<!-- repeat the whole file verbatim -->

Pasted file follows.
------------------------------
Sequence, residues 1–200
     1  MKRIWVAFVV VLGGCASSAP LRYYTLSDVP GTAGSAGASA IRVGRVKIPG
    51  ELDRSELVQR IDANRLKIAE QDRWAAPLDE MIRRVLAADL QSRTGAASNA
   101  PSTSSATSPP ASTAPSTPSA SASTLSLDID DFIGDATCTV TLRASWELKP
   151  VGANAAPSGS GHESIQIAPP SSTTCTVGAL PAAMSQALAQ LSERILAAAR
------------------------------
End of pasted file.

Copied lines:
Sequence, residues 1–200
     1  MKRIWVAFVV VLGGCASSAP LRYYTLSDVP GTAGSAGASA IRVGRVKIPG
    51  ELDRSELVQR IDANRLKIAE QDRWAAPLDE MIRRVLAADL QSRTGAASNA
   101  PSTSSATSPP ASTAPSTPSA SASTLSLDID DFIGDATCTV TLRASWELKP
   151  VGANAAPSGS GHESIQIAPP SSTTCTVGAL PAAMSQALAQ LSERILAAAR